As ridiculously popular as Guitar Hero is, perhaps it's time to take the next step in the music genre. Perhaps we needed to expand beyond the customary guitar; after all, there's a lot more to any band than just the guitar, regardless of what kind of music you play. Enter Rock Band , which is primed and ready to deliver one of the most engaging and unique rhythm-based experiences of 2007. We've got a close look at how this one is shaping up, and if you're any sort of Guitar Hero fan, you should stick with us and pay attention. How diverse how can you be? How many musical accessories can you master? Are you capable of handling multiple instruments and keeping your cool when performing on stage (or virtual stage, whatever)? If you think you've got the guts and the capability, you should probably add one more game to your Christmas list.
But before we start down that complicated additional-accessories road, we'll kick things off with the guitar. If you're familiar with Guitar Hero , chances are, you'll have the edge when playing Rock Band because the interactive basics are very similar. As you stand there, ripping off the riffs and pretending you're up there in front of a gaggle of groupies, your Guitar Hero -schooled hands will take to the guitar controller like a fish to water. It won't take you long to excel in this department; the pull-offs and five-button + strum bar mechanics should represent very familiar territory, but there are more advanced aspects to Rock Band . The second you start saying to yourself, "hey, I know this!," the game will throw a wrench into the works and prove just how different Harmonix's latest creation really is. Remember, it ain't always up to you to carry the band; you should have some friends behind you, and if they're suffering, the whole production suffers.
See, if you've got a spaz who can't hold a beat, you're not gonna get many gigs. In this way, the game is pretty darn realistic, because the entire band can fail the song if only one of the band members messes up enough. However, there is a way to save yourself: cover up their mistakes with a blazing solo of your own! There's a feature called "overdrive" in the game (it's basically like the "star power" feature in Guitar Hero ) that will allow you to "resurrect" band-mates who have fallen behind. Overdrive will also score you big points with the crowd, of course, but if one of your friends can't handle the workload, you might want to save up some overdrive. As the lead musician on the floor, it's up to you to carry the show even if your less-than-coordinated buddies are dropping the ball. In this way, Rock Band is absolutely nothing like Guitar Hero , although it may frighten some casual gamers who just wanna throw down by themselves every once in a while.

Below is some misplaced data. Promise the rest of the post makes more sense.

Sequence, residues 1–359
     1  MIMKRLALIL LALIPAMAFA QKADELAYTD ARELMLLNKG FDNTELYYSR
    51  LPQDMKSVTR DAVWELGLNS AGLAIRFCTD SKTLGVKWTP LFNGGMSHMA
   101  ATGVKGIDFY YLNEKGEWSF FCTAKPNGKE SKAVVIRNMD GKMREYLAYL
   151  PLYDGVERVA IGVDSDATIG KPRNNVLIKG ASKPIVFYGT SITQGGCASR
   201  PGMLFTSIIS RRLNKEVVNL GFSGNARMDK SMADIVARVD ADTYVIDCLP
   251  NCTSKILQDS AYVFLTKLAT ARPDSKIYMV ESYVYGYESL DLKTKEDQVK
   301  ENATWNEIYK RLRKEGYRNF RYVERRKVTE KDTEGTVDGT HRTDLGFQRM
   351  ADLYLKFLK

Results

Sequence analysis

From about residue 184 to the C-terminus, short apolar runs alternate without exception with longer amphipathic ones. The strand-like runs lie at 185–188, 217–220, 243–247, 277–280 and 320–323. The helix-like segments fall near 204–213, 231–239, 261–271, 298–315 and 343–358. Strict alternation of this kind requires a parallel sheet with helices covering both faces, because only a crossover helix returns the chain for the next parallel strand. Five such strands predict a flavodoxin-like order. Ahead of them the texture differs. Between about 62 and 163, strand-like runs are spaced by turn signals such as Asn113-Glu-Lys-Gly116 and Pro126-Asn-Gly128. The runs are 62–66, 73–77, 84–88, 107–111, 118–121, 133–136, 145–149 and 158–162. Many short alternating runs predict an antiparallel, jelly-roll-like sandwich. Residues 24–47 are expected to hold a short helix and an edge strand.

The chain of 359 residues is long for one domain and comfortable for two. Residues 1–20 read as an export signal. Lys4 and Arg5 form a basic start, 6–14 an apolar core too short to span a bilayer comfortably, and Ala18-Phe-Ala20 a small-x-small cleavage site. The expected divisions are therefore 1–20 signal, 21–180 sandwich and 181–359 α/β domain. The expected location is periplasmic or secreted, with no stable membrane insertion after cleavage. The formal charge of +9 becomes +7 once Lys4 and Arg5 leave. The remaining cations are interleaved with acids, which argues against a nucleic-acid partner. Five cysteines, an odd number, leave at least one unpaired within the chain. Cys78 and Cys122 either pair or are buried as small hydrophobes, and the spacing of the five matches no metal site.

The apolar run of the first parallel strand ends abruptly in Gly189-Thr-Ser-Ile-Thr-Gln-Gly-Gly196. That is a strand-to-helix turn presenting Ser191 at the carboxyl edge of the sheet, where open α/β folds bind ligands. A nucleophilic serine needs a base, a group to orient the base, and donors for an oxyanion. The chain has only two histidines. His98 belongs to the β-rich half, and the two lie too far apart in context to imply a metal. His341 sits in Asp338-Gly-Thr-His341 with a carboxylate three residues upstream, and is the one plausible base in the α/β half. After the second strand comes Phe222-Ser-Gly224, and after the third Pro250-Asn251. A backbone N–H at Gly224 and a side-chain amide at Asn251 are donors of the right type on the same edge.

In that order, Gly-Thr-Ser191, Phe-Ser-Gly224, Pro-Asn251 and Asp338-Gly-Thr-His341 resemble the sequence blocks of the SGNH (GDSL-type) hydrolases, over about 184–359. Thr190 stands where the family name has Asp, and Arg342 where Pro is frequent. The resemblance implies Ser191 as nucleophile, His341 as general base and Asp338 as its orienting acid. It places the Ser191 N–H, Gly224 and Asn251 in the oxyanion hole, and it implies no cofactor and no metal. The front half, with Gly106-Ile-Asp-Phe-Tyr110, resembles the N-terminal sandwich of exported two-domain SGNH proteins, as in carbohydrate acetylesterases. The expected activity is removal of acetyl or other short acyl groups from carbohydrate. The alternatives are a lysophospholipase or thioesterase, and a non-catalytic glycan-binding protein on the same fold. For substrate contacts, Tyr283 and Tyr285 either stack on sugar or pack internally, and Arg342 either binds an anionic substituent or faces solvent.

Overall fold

This is why it seems like Rock Band is designed more for the full-on music fan who wants to experience more than just the guitar-playing aspect. However, at the same time, it's obvious not all songs on the track list will emphasize the guitar; sometimes, the lead instrument will merely play a supporting role. We'd be remiss to mention this, because honestly, if you're a straight-up guitar fan and aren't really interested in the rest of it, Guitar Hero III might be your best bet. On the other hand, just look at what Rock Band has to offer! At this point, it has to be the most fully realized music game to date, and we just hope everything gels together nicely. It's true that Guitar Hero veterans will have a jump on the competition in this game, but with three other players – potentially – the entire situation changes. By the way, in case you were wondering, the two guitar controllers are pretty similar, but the Rock Band one has five extra fret buttons at the top of the neck.
Okay, we'll finally get to the part you've been waiting for: the soundtrack. As of today, here is a list of 35 songs that have been confirmed:
There's a really nice amount of diversity here, which should make for a lot of different gameplay experiences. And with accessories like the drum kit and microphone, you can already see which of these songs might be best for each instrument; could be tough to belt out the lyrics to "Wanted Dead or Alive"! Furthermore, there should be plenty more tracks that will become available via download; many more in fact. Supposedly, 18 songs by the Grateful Dead will eventually pop up on the PlayStation Store and Xbox Live, along with more from the likes of Nirvana, Metallica, and The Who. Now, considering we'll have the benefit of online content throughout the game's lifespan, can you imagine how many songs could feasibly come to Rock Band ? Heck, if they get the appropriate licensing and the game is popular enough – and that shouldn't be a problem – then there could be no end to the onslaught of tracks!
So without any doubt, Harmonix and MTV Games has prepared a heck of a soundtrack for Rock Band , and it's very unlikely a die-hard music fan won't find anything he/she likes. In fact, with so many classics on the roster, you're probably itching to try them out, and you won't have too much longer to wait: it will release in the US for the PS3 and Xbox 360 on November 20. Gamers in PAL territories won't get Rock Band until early next year. Regardless of where you are, though, this is one game that just about everyone should at least try, and for music lovin' gamers, it'll be a must-own. Let's just hope they can keep the overall price of admission down…